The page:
Banks urged to lend more to farmers, fisherfolk
It’s impossible for Congress to repeal the agri-agra law that mandates banks to set aside 25 percent of their loan portfolio to farmers, agrarian reform beneficiaries and fisherfolk, but the law can be enhanced to be more relevant.
This was according to Sen. Cynthia Villar, chair of the Senate committee on agriculture and food, who told the Chamber of Thrift Banks on Friday to brainstorm and find “creative” ways to make the agri-agra law more responsive to both the farming and banking communities.
Villar said it was still good for the Philippines to keep the agri-agra law given that there were 12 million people involved in the farming sector—whether cultivating crops, raising livestock or poultry, dairy or are into fisheries. With an average family of five, she noted that 60 million people or majority of the population depended on this sector.
“No matter how hard, if we’re not going to help them, then we are not helping the majority of the Philippines,” Villar said. “What we can do in the agri-agra law is we keep on thinking of ways to improve it. We should be creative so we can fulfill the 25 percent (mandatory lending), then be able to help really the poorest in the country,” Villar said.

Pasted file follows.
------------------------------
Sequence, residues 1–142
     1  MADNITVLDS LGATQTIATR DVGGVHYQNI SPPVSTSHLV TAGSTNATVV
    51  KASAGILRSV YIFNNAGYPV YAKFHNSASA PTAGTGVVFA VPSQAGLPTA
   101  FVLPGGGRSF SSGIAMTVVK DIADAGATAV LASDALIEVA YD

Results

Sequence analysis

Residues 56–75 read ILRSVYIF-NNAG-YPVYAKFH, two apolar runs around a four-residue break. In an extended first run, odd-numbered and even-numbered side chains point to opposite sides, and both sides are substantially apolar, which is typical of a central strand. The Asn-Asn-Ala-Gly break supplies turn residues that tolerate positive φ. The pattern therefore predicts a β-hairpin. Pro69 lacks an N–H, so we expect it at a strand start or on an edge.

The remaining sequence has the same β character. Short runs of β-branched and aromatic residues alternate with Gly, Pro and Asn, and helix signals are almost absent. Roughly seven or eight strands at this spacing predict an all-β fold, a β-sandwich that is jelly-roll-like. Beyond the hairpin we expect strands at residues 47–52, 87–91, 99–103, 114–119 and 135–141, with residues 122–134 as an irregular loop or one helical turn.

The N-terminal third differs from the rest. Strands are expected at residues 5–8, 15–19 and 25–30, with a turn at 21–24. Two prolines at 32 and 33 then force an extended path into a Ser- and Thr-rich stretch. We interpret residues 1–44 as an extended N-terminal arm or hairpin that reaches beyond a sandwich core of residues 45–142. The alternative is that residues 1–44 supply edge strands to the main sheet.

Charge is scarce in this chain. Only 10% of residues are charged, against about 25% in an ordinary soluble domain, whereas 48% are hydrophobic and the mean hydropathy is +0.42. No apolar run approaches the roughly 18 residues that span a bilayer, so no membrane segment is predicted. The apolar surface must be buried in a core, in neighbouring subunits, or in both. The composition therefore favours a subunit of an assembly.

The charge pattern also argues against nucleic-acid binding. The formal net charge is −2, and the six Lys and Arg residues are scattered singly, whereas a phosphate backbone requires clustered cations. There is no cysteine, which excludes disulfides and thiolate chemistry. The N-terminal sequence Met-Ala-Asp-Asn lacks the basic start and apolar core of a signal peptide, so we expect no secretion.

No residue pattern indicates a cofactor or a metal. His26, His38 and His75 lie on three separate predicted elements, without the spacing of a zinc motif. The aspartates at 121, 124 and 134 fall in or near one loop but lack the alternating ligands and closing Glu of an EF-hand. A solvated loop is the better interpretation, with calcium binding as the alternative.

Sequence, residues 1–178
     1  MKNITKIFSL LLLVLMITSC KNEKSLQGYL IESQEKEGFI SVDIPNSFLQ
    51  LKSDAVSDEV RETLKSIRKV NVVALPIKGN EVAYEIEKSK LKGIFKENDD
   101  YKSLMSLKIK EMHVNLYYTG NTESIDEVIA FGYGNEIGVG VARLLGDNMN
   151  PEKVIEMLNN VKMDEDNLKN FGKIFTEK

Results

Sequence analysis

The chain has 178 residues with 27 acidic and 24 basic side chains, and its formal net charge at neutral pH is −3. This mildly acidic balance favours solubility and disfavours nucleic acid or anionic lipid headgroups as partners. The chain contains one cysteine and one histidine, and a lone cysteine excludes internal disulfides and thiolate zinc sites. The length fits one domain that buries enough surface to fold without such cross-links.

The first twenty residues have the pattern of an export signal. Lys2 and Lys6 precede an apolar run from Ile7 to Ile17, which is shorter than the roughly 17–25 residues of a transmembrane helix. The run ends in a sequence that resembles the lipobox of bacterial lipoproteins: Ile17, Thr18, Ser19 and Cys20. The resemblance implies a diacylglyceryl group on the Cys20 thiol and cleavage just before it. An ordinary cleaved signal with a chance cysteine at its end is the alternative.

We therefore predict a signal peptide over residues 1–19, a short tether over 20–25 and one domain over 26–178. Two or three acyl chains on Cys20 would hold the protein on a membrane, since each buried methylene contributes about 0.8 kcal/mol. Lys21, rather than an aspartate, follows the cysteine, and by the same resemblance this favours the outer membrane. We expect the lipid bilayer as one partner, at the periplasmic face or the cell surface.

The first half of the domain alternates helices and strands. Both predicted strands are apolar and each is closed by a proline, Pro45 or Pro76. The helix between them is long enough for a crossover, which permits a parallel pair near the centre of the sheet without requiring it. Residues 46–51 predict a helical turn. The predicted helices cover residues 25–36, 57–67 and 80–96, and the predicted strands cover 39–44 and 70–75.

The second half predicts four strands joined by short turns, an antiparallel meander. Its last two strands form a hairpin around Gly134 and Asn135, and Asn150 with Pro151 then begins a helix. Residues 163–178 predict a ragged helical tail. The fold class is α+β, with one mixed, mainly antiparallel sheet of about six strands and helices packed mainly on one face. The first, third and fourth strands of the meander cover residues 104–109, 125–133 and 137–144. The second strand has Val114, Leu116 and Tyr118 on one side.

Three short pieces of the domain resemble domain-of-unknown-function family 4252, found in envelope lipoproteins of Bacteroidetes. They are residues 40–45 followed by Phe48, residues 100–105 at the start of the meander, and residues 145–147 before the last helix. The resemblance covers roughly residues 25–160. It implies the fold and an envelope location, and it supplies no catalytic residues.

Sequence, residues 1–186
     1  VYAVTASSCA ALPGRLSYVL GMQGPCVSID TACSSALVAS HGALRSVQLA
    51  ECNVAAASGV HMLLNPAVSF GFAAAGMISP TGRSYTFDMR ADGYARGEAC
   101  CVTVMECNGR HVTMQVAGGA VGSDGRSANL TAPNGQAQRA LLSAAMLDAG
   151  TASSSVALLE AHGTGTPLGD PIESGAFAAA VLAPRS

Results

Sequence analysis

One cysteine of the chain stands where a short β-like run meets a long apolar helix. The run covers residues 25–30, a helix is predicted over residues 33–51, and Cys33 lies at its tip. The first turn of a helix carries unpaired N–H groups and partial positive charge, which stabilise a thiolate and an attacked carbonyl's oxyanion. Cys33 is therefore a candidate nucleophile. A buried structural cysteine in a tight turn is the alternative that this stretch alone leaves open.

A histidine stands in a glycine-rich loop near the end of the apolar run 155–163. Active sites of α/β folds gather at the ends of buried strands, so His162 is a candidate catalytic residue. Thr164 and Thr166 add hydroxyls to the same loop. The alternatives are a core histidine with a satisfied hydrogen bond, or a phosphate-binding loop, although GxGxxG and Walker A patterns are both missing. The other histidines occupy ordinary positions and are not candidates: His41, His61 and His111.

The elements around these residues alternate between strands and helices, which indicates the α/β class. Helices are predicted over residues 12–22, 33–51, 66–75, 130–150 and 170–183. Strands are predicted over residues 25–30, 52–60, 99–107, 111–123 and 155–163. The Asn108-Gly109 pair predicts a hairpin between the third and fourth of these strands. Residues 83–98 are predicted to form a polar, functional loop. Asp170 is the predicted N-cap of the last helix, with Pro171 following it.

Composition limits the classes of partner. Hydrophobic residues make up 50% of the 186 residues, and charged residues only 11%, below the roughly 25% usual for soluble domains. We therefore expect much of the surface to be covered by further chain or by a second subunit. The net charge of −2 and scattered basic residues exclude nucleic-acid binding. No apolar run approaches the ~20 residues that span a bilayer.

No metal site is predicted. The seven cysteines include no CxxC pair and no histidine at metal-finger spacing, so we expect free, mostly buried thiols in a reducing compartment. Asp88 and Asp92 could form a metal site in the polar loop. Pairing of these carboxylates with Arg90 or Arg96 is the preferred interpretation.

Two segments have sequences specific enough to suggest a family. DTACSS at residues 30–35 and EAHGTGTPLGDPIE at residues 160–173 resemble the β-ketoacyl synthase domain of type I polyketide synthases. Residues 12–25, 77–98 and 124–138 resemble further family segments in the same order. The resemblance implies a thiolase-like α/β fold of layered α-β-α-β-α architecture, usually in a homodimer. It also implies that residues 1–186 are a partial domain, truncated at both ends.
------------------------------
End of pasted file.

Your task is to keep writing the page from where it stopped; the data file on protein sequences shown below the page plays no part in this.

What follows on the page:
Villar appealed to banks to consider the plight of local farmers who were earning an average of only P4,500 monthly against the P6,300 estimated monthly cost to provide decent food for a family of five.
If the nation were to reduce the poverty incidence, currently at 22 percent, Villar said banks would have to fulfill their mandate to lend to farmers.
“What we should do is to explore possibilities to improve on agri-agra law so it can help agriculture, at the same time, make it reasonable for the banking community,” she said.
“We have to really think very hard about it. Maybe the problem is collateral. We can’t find collateral that will be suitable to the banking system,” she said.
Another problem is lack of education, she said, adding that some farmers might have suitable collateral but might not know how to borrow from banks.
One proposal cited was to just bring down the mandated requirement for the agrarian sector and increase the requirement for agriculture.
Of the 25 percent mandatory lending, banks are required to allocate at least 10 percent of total loanable funds to agrarian reform beneficiaries and 15 percent for farmers and fisherfolk.
Villar said this could be done “if we can’t think of any other creative amendment.”
Compliance with the agri-agri law has been perennially low for the banking system in general. Many complain of difficulty in finding creditworthy borrowers.
“We have one year. This Congress will end next year. We want you to talk about it. I want you to be creative,” she said.
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